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Prague's flood defences are put to the test


Czech Republic

Prague's flood defences are put to the test

The Czech capital, Prague, has been hit hard by the deluge of flooding in Central Europe and a state of emergency has been declared.

More than 50 streets were closed on June 4 and large parts of the underground system were expected to remain shut for days.

Metal barriers, erected along the banks of the river Vltava after devastating floods in 2002, have protected the historical city centre.

One resident told euronews: “It’s like ten years ago, a bit scary, but at least now we have some flood gates.”

Tourists were unable to get to the city sites they came to see.

An Australian visitor said: “We are sad. We will come back tomorrow, perhaps the river will have gone down far enough, we will just have to wait and see.”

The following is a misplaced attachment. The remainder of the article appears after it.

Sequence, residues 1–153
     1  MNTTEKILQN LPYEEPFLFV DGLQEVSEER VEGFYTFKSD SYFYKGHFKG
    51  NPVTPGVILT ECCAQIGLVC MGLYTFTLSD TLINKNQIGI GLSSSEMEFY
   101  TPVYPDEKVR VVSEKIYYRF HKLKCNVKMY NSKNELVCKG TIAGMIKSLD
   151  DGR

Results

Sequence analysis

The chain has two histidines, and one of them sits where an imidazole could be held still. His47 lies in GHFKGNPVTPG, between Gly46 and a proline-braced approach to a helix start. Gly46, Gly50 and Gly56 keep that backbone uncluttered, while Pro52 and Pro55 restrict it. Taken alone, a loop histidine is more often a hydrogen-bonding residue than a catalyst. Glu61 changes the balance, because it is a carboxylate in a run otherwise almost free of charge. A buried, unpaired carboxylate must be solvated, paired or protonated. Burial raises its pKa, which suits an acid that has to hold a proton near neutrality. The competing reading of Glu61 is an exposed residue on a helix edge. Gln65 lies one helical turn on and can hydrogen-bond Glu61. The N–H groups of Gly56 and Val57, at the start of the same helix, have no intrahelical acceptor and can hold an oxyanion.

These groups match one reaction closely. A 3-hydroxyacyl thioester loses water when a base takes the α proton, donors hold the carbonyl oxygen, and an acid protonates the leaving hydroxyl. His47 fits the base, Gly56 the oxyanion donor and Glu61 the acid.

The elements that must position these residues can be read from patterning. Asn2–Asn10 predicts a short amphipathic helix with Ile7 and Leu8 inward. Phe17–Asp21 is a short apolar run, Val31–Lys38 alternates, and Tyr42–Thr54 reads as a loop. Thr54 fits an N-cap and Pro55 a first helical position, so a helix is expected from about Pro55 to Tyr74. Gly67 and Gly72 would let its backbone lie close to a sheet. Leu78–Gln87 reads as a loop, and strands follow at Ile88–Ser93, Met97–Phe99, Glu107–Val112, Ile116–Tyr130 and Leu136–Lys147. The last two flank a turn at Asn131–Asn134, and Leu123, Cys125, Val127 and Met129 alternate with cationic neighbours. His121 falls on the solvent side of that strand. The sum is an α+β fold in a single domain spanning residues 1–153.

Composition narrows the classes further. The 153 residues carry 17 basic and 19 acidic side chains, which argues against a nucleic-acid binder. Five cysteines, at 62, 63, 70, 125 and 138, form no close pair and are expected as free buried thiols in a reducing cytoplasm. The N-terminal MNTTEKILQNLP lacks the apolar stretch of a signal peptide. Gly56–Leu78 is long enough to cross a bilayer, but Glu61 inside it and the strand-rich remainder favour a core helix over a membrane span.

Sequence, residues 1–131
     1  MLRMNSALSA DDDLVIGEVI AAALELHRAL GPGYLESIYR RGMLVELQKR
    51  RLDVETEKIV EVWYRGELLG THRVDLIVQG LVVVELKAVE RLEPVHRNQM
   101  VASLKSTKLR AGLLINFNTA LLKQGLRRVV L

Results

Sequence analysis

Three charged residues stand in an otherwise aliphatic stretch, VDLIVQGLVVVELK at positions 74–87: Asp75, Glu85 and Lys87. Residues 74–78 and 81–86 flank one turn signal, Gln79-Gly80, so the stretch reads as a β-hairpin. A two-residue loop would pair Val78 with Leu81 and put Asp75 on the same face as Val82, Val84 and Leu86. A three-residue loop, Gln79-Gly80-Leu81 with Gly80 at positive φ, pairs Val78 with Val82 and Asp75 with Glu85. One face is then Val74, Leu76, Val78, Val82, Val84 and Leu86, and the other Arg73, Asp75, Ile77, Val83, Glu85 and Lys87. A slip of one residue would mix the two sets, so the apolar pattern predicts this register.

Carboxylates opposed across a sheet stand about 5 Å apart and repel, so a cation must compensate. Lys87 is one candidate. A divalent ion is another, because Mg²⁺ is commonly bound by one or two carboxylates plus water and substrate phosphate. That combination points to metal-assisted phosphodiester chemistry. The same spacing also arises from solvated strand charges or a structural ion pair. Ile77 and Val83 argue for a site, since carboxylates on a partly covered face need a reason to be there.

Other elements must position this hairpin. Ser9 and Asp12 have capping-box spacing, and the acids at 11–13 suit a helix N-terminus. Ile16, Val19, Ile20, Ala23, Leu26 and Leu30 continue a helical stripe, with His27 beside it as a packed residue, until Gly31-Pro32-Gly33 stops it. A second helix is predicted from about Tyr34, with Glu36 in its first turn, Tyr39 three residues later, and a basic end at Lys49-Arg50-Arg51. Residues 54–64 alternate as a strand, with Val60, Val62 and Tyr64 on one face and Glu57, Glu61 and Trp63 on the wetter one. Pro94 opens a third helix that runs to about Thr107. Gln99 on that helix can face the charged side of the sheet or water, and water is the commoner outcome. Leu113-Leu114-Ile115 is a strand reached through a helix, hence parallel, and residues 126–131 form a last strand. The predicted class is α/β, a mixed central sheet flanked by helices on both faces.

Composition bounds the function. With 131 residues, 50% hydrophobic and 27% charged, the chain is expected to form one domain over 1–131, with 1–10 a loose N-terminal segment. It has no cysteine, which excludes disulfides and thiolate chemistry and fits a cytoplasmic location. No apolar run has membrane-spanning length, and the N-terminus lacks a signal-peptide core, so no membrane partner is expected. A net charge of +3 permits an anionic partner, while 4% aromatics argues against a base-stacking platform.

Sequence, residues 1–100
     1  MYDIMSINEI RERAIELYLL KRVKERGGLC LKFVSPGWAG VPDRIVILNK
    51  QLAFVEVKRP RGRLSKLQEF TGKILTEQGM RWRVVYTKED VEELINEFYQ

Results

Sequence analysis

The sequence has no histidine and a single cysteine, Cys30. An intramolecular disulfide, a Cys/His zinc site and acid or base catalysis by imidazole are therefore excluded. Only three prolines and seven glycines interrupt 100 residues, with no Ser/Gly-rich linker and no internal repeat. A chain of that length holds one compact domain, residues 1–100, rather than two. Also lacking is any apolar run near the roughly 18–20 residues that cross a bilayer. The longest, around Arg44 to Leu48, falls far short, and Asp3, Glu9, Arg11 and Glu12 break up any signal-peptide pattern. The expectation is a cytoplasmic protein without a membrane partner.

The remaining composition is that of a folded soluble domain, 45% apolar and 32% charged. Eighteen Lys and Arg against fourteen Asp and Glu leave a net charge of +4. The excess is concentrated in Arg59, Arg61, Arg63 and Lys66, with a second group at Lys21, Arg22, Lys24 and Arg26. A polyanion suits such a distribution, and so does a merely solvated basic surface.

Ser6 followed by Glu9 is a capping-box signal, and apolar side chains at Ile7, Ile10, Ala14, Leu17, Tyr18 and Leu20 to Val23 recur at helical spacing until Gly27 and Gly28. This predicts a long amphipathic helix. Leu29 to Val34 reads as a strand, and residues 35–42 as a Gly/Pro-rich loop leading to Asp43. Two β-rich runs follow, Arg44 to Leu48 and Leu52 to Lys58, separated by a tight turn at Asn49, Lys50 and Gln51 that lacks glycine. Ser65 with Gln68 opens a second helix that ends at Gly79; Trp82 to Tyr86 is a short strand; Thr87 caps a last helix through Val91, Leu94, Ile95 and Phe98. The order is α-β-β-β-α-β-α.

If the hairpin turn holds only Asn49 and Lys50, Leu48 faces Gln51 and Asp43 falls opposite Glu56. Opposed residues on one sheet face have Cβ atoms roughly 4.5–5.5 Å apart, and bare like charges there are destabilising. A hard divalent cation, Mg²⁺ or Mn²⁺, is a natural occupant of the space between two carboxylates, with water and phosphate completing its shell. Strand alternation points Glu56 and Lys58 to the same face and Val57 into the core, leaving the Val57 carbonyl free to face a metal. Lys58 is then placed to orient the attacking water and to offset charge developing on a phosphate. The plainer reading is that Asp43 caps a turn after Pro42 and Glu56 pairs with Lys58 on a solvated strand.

The sodden streets reminded many Prague residents of the past, as euronews’ Andrea Hajagos reported from the city:

“Most people seem to be relatively calm about what’s happening, but I’ve talked to a few residents of the city who remember only too well how the flood of 11 years ago partially destroyed their city – and they’re afraid it could happen again.”

Floods in Prague, before and after

  • Floods in Prague

    Kampa Museum on Google Maps

  • Kampa Museum after the flood

  • Smetanovo nábřeží on Google Maps

  • Smetanovo nábřeží after the flood

  • Stefanikuv bridge, Google Maps

  • Stefanikuv bridge after the flood

  • From Legil bridge, Google Maps

  • From Legil bridge after the flood

  • Palmovka area on Google Maps

  • Palmovka area after the flood

Every story can be told in many ways: see the perspectives from Euronews journalists in our other language teams.

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